Last week the BC Federation of Students (BCFS) released a research document on the struggles of international students in British Columbia.
The document said financial issues are the biggest challenge for international students.
The document cited a 2015 survey of over 9,000 international students by the BC Council on Admissions and Transfer that found affordability was the most frequently mentioned challenge.
As previously reported by The Interior News the Smithers campus of Coast Mountain College (CMC), formerly known as Northwest Community College, recently got 30 international students from India.
Although many of the students have jobs, they too experience financial pressure. As a condition of their student visa they can only work 20 hours a week.
“The students realize their parents have sacrificed a lot to have them come here so they want to make as much as they can to help their parents back home,” said CMC student engagement facilitator Richard Joseph. “In some case parents may be using their retirement money to send their kids here. So the kids are feeling that kind of stress.”
The report recommended a cap on annual fee increases on tuition for international students.
Currently there are no caps on tuition increases for international students which allows intuitions to increase fees to any amount at any time without notice according to the report.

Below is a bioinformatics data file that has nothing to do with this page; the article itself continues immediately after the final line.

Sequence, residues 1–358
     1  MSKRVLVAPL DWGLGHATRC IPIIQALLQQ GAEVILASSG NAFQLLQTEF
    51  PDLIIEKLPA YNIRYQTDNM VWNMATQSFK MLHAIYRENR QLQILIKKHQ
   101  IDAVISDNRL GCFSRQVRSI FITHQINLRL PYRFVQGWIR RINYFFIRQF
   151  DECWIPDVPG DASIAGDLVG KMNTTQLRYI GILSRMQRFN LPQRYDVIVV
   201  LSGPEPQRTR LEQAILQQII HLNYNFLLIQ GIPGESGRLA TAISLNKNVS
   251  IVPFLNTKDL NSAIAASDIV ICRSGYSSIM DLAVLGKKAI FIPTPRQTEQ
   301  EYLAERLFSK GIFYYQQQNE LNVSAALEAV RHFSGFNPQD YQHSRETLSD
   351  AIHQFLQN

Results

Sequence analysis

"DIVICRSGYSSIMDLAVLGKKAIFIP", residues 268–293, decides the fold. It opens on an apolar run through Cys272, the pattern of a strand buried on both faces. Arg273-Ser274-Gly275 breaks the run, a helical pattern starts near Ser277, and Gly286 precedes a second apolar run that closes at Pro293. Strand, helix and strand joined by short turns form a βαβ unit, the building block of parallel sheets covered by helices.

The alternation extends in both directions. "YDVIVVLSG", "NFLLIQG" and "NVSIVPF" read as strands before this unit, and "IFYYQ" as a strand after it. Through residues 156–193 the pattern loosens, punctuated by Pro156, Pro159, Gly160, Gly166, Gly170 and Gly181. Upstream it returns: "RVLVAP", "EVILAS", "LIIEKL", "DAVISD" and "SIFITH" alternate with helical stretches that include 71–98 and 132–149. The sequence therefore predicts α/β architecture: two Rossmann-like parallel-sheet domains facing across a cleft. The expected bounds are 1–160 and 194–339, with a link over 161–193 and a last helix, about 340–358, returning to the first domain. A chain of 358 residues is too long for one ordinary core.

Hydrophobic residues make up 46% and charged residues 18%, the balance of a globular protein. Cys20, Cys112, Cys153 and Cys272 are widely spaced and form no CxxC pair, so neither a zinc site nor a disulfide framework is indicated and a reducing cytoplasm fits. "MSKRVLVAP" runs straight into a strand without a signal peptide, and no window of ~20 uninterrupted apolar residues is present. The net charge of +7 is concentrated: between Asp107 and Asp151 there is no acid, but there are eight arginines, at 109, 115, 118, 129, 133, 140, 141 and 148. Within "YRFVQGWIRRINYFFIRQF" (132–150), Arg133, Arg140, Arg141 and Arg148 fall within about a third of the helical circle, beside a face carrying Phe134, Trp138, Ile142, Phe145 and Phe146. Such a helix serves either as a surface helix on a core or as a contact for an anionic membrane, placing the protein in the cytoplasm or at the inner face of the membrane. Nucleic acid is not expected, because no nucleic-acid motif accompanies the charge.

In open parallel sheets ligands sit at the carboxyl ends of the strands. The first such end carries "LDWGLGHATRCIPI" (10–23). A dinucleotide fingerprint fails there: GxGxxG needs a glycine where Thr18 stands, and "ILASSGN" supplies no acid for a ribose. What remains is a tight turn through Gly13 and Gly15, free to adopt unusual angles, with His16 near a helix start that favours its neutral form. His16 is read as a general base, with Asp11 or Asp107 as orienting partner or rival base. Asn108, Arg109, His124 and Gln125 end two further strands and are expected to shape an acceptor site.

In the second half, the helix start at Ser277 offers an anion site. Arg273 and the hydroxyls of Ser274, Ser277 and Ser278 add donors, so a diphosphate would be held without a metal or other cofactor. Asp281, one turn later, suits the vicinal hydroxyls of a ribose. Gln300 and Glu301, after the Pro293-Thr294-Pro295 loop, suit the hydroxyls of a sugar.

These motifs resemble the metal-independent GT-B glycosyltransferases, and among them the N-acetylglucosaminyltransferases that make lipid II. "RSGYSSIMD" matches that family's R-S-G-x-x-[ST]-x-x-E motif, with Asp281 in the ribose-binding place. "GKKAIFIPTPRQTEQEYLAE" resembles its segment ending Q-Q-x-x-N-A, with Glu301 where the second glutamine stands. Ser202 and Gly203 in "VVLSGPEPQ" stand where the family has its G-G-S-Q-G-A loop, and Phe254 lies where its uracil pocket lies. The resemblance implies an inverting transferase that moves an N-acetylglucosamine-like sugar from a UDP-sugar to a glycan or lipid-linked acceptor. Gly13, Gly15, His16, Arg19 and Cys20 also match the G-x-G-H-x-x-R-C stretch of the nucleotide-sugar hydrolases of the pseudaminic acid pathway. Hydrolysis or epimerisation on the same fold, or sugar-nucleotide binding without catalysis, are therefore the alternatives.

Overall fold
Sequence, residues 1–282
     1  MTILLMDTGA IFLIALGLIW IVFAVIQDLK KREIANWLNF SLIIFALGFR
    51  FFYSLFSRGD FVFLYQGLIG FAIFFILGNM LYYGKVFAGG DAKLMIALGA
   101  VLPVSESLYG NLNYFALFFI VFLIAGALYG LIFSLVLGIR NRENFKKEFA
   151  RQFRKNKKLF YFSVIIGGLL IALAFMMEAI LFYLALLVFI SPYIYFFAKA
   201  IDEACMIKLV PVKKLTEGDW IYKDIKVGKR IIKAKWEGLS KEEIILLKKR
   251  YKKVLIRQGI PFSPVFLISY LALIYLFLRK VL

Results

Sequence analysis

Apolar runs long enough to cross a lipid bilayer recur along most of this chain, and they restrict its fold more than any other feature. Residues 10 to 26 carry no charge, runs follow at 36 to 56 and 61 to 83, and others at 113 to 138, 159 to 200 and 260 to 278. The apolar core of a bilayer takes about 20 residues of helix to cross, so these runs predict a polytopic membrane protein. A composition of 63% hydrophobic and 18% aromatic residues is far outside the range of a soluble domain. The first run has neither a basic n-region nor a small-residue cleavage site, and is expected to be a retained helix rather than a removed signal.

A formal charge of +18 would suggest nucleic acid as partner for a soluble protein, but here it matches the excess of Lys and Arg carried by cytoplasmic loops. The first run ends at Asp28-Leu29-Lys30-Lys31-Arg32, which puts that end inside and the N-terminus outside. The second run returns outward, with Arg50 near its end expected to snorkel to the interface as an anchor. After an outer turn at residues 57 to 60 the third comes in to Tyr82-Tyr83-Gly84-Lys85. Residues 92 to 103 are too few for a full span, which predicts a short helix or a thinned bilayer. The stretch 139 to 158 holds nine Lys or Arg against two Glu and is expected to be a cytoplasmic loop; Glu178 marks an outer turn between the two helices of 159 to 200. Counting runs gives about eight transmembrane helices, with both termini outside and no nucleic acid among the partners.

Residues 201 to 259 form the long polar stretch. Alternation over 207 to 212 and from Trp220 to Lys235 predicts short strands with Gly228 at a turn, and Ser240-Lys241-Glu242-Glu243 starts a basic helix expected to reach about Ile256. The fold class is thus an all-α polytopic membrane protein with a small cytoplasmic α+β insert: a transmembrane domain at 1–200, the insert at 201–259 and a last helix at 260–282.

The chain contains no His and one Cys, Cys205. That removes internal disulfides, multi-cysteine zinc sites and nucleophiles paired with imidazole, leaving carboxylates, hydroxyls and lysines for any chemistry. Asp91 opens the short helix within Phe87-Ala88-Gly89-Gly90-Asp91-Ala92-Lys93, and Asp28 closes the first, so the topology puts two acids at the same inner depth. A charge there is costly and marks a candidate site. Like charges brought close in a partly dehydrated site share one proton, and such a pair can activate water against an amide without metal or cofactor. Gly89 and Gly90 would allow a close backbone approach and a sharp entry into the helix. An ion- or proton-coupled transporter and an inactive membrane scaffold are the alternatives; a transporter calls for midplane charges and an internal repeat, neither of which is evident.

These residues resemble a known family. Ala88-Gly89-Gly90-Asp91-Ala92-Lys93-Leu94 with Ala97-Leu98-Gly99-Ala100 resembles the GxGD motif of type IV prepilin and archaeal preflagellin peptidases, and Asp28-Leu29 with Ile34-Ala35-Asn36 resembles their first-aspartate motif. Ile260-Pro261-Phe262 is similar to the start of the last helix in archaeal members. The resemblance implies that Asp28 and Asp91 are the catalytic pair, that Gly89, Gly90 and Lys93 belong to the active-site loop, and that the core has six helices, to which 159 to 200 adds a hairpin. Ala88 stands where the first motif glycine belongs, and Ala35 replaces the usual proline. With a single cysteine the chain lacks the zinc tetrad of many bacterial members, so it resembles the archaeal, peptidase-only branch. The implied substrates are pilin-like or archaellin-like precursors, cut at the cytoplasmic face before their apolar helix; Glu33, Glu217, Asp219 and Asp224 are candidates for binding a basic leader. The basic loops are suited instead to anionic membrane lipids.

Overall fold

Fee increases for domestic students is capped at two per cent.
The total cost of taking the business administration program at CMC for a domestic student is approximately $6,000. An international student taking the same program will pay just over $15,000.
CMC eastern regional director Regina Saimoto said domestic students pay a lower tuition because the cost of their education is subsided by the government. Domestic students only pay a portion of the total cost of their education. The government does not subsidize tuition for international students.
“The money you get from international students basically has to cover the cost of providing them education,” said Saimoto. “So putting a cap on that would have different implications than the two per cent tuition cap on domestic students.”
The BCFS document said the number two concern for international students was difficulty adjusting socially to life in Canada.
The document referenced a 2015 study by the Canadian Bureau for International Education that found international post-secondary students in B.C. do not feel socio-culturally or physically supported by their institutions and cited a lack of a two-way cultural exchange with Canadian students.
Joseph tries to address this issue by organizing different activities for the international students to do such as hikes, lunches at the college with staff and domestic students, ball hockey games at the outdoor rink and installing horseshoe pits near their dorms.
Joseph has also ordered cricket gear for the students to help them feel more at home. Cricket is a national pastime in India.
“I’m really pleased to see how the Smithers campus staff overall has come together to support these 30 students,” said Saimoto. “All of us feel a sense of responsibility and ownership to help the students adjust to life in Canada.”